Now obviously the weight to windward proa has a TOP speed advantage as when all its righting moment it used up and sailing 100% on its long hull its DLR can be considered on its long hull. But on every other occasion the overall resistance will be some combination of the DLR from the more substantial short hull combined with the long hull. Sailing in light winds, motoring, sailing downwind etc.

    Therefore this configuration is not automatically fastest and depends greatly on its operating condition.

    IMO these are facts which are hard to dispute. I am certainly not part of any tribal proa bashing brigade. I think Epicure is awesome. I am a big fan of these designs and their many other advantages but I would like to see this fact discussed within this type of boat rather than ignored. A boat like Bucket list easily has the sail area and light weight to be able to use its long hull fully most of the time. For a larger cruiser this will not be the case. I wish I knew how to use Michlete so I could simulate total resistance of a proa as the displacement shifts from the short hull to the long one. If tests like this have been done I would like to see the results and how they relate with hull loading changes from sailing loads at various wind strengths and directions.
     
  8. DennisRB
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    DennisRB Senior Member

    The location of the rig will make pretty much zero aerodynamic difference to that unless there is a reasonable rig angle (due to design or heel). If the heeling moment is horizontal it wont matter which hull its on. But if there is some downward moment due to the rig being canted to leeward there would be some difference.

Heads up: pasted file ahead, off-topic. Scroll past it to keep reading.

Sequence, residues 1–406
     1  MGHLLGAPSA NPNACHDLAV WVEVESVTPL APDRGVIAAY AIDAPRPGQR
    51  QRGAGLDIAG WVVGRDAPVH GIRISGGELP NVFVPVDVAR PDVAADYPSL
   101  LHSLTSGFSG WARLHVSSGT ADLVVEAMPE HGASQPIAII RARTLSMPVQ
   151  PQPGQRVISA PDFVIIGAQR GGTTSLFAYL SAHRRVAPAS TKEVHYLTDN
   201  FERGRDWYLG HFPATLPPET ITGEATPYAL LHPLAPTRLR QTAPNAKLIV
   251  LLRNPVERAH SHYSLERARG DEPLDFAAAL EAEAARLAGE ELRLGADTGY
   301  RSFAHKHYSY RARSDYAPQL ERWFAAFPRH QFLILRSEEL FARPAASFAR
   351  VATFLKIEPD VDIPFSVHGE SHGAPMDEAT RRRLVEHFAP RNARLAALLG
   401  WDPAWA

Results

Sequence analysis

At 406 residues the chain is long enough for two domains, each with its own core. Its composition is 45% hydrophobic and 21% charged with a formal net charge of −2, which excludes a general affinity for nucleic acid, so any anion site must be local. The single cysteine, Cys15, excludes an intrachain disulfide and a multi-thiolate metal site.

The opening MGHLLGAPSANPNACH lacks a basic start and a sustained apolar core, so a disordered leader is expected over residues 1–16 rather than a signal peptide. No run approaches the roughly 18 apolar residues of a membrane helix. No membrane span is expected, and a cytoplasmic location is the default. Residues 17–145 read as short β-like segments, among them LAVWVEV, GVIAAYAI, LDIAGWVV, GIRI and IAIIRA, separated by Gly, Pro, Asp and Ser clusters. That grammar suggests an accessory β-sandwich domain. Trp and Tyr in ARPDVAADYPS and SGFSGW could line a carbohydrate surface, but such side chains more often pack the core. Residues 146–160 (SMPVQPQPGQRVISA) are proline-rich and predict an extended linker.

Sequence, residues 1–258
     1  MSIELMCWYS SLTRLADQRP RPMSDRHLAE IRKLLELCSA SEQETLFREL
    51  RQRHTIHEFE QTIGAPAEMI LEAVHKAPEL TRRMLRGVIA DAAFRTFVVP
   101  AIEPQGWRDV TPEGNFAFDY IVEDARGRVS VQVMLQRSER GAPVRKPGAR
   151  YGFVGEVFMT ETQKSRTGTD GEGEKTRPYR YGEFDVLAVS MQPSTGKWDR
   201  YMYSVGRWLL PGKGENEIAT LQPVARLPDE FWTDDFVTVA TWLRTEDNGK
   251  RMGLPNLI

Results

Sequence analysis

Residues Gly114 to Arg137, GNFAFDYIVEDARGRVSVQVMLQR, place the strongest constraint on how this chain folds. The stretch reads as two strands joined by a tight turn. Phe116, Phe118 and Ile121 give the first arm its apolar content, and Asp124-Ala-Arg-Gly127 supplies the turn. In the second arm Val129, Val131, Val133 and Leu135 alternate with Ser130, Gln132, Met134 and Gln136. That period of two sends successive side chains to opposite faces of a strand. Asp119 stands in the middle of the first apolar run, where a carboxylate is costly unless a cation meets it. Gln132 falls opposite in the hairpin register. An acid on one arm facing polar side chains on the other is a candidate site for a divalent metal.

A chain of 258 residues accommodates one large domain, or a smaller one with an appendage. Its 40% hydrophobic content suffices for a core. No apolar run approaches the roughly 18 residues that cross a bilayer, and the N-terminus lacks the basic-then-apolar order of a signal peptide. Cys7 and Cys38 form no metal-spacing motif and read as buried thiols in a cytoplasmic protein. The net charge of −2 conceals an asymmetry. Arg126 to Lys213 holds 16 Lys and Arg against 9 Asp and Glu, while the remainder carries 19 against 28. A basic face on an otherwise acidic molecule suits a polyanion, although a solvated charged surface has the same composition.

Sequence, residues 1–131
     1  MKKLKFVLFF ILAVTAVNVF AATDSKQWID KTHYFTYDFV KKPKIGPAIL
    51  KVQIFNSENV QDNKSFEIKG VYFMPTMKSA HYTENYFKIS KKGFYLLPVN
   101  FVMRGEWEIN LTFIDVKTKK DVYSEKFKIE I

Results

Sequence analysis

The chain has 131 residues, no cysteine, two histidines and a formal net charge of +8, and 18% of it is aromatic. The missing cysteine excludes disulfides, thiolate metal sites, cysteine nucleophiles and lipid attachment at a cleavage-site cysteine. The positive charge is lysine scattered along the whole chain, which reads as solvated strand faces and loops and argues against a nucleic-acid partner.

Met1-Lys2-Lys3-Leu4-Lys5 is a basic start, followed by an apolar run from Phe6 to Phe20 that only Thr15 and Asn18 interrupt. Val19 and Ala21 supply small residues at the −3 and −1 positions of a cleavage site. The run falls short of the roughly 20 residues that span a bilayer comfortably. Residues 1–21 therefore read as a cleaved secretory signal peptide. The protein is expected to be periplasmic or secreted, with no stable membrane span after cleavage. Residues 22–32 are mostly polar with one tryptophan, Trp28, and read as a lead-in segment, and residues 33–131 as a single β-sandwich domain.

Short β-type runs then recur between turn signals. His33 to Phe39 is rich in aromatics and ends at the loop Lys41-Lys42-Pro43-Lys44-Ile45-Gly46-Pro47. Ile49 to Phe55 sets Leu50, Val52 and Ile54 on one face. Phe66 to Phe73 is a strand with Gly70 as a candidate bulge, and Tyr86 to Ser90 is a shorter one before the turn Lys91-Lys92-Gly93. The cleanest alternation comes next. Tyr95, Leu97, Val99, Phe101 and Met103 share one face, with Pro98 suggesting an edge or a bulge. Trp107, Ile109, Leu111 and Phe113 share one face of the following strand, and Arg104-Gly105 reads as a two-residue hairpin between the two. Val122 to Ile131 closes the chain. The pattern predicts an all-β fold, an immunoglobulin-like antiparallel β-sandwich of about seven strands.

9. lucdekeyser
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    lucdekeyser Senior Member

    I do not want to get into haggling about nomenclature but why is this design called an Indian Proa? Doesn't its configuration fit the definition of an Atlantic proa?
     
  10. Gary Baigent
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    Gary Baigent Senior Member

    I know Daniel Charles from when he visited NZ during one of the Whitbreads. He earlier designed the 55 foot Atlantic proa Tahiti Douche (second image, with young Halvard Mabire? on wing beam) - and later his own boat Epicure (he is a very serious gourmet).
    From probably unreliable gossip I heard, Daniel was a little unhappy with his result not only from the expense but also its performance.
     

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  11. bjn
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    bjn Junior Member

    With faster I only meant top speed. I guess you are using the word in a different way.
     
  12. DennisRB
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    DennisRB Senior Member

    No I am using it in a standard way which is used for handicap racing. Faster to me means an average over the intended sailing conditions. Say your average speed after sailing racing/cruising for X years. If something has a 10% higher top speed and but 10% slower average speed its slower overall and would be rated slower under rules such as PHRF. But this is semantics and either way is valid as long as we explain what we are talking about. I think you will have a tough time arguing boat A is faster than boat B when boat B wins against it in races the majority of the time. I think top speed should therefore be mentioned. Either way. :p
     

  13. bjn
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    bjn Junior Member

    Sorry for being short, I'm writing on the phone. I think you made a good post, and you are probably right that the Indian Proa is slower in light conditions.